Hartford Settles On Budget
White River Junction — A divided Selectboard voted last night to use money from a rainy day fund to help offset the tax increase needed to fund the proposed 2014 budget.
After nearly an hour of debate and several failed motions, the board voted to spend $275,000 from a reserve account. Officials estimated the money will help keep the property tax increase at an estimated 5 cents.
For a property assessed at $200,000, that means the annual tax bill would go up about $100, to $1,580 per year.
The 5 cent increase is at the upper limit of what board members previously told Town Manager Hunter Rieseberg they would accept.
“I think it’s fine,” Vice Chairman F.X. Flinn said after the meeting. “It’s very much a forward-looking budget.”
Voters will have the chance to agree — or not — at Town Meeting on March 5.
The process of coming to a decision last night was anything but smooth, though — it took seven motions before the board could agree on a total. The reserved fund being tapped has about $2 million. Motions attached to dollar amounts that ranged from $150,000 to $300,000 were explored, three of which failed for lack of a second.
“It wasn’t, as far as I’m concerned, intended to be an auction,” Selectboard Chairman Ken Parker said after the meeting, standing in the threshold of a room in the Municipal Building.
Rieseberg, who at Tuesday’s meeting voiced his frustration at the board’s decisions to add various positions to the budget in a tight year, said several times last night that the decisions are the board’s to make, despite his personal views.
“If this were mine to make we wouldn’t be having this discussion,” he said of the budget. “If you choose not to take my advice any further, or wish to use this money for some other special purpose, that’s yours to do.”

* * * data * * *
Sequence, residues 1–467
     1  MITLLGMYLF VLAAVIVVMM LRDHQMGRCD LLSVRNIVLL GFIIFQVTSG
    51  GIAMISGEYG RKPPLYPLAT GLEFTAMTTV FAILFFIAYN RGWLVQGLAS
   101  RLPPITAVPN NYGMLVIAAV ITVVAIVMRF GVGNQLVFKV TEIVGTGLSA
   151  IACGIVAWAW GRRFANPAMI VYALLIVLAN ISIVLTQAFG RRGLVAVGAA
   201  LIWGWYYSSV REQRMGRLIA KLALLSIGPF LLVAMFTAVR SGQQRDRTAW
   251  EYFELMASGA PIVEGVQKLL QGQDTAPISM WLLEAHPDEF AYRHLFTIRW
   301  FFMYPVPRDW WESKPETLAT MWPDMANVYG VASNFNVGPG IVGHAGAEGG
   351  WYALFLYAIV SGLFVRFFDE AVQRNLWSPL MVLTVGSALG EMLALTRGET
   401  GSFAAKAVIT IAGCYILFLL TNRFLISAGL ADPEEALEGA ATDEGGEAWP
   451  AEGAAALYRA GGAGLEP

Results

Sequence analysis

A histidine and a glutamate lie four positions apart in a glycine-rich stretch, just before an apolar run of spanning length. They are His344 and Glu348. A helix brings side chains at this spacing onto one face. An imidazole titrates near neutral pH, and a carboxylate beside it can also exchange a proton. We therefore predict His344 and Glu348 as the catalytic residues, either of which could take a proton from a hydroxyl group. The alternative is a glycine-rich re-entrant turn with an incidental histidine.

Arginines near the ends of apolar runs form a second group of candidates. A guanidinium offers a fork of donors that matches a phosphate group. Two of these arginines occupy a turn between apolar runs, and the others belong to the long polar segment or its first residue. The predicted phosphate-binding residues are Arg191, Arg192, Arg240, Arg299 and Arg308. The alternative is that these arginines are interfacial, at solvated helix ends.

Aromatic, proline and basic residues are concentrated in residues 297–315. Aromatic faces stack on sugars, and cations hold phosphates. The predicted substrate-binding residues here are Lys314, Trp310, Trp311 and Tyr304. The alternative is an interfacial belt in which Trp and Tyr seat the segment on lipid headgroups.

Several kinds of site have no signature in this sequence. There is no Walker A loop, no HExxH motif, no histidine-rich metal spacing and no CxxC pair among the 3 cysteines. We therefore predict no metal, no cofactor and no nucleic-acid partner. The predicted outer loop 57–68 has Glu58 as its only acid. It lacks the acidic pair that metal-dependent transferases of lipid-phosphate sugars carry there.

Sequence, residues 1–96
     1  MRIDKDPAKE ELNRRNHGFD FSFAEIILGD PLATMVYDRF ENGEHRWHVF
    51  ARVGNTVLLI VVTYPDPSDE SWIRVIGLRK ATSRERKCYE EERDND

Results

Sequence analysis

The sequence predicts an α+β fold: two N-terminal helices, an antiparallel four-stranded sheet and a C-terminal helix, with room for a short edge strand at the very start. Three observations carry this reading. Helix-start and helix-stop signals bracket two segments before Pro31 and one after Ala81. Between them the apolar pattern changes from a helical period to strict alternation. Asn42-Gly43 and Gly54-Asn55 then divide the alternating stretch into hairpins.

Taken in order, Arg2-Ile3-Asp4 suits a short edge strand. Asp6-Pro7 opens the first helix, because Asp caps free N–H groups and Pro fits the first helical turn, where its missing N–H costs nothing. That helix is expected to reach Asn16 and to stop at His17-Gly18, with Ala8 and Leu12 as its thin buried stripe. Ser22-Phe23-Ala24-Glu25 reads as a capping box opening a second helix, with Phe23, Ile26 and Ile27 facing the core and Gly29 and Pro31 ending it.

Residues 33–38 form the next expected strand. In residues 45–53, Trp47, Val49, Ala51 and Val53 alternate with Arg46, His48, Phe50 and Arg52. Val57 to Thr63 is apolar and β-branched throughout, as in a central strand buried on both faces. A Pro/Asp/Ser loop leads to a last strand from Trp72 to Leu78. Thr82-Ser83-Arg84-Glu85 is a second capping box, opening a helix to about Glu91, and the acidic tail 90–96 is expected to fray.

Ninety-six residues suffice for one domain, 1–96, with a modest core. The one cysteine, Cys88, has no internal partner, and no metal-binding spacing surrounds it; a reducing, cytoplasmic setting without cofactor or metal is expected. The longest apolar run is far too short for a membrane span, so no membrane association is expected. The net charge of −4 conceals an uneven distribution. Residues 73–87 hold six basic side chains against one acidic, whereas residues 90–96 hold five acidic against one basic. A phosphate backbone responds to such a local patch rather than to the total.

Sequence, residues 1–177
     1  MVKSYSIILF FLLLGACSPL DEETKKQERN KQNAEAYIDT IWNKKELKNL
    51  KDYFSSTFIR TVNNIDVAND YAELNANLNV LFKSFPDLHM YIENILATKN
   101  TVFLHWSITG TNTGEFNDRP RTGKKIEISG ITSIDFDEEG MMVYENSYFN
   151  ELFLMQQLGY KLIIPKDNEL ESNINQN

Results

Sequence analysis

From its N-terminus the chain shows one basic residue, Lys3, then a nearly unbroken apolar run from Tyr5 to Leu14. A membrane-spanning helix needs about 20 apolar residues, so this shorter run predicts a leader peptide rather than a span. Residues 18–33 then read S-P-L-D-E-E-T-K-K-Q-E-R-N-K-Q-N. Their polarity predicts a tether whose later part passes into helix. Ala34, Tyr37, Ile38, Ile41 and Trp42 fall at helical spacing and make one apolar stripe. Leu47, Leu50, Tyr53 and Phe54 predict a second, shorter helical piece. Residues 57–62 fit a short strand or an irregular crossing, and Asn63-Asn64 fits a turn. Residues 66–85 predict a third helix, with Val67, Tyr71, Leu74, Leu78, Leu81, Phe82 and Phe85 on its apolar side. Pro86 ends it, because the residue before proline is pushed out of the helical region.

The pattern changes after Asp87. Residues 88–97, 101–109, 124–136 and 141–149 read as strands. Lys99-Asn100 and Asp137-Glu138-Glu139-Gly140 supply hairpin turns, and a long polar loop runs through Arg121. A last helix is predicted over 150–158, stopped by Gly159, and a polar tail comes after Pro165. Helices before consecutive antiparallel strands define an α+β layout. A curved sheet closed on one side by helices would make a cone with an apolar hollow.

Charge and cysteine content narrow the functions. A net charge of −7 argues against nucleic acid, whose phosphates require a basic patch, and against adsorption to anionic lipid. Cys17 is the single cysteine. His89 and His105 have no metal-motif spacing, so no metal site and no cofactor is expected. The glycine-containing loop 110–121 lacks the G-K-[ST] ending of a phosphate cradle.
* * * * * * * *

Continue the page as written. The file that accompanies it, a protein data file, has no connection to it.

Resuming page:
After the meeting, Rieseberg, who has worked at his Hartford post for 17 years, said the sheer number of failed motions was both “uncommon” and “unusual,” though he was fine with the value the board landed on.
“I think that’s a perfect appropriation,” he said. “It’s close to a sustainable number.”
Selectmen Alex DeFelice and Sam Romano voted against the motion, which passed 4-2. DeFelice said earlier that he is leaning toward voting against the budget as a whole.
“There’s so many different opinions here that you can’t wrap your mind around anything,” he said shortly after a motion to take $275,000 out of the unassigned fund — the amount that was ultimately approved — was initially voted down, 5-1. “I’ve been here three years and you guys have succeeded in confusing me this year.”
Earlier in the meeting, DeFelice brought to the board two unrelated motions, both of which were voted down.
One was to re-appropriate about $125,000 for a police chief, a position that had been eliminated earlier in the budget process in favor of a cross-departmental “public safety director.”
“I thought I just heard you say that you’re in favor of the public safety director position,” Parker said after DeFelice completed his pitch.
“In theory I am,” DeFelice responded. “But I was only in favor of that because it sounded like, to me, we didn’t have funds to fund the chief of police.”
“I don’t fall prey to the clarion call for a police chief, simply so we have a police chief,” Parker later said, adding that after consideration he was in favor of a public safety director, if just for the next one or two years.
DeFelice’s other motion was to give the West Hartford Library Trustees $16,000 more for their library budget; the trustees, about a week ago, agreed to cede that sum to reimburse the town’s other libraries for helping in their absence. DeFelice’s motion would add an additional $16,000 in the budget for West Hartford.
“When we started this budget session, I was under the assumption that we were in dire straits,” DeFelice said.
“I don’t know what the board’s definition of dire straits is at the moment,” Rieseberg said.
The board voted against that motion 4-2, with its members praising the trustees of the towns’ libraries for working together.
As the meeting drew to a close, a flurry of motions — to take out $250,000, $300,000 and $150,000, respectively — either met negative votes or were never seconded.
For the second time, Flinn moved to pass the $275,000 amount. Selectman Simon Dennis laughed and seconded, and it passed.
“I think we’re functioning in a funny way at this point,” Dennis said. “We’ve got to call it quits.”
Jon Wolper can be reached at email@example.com or 603-727-3248.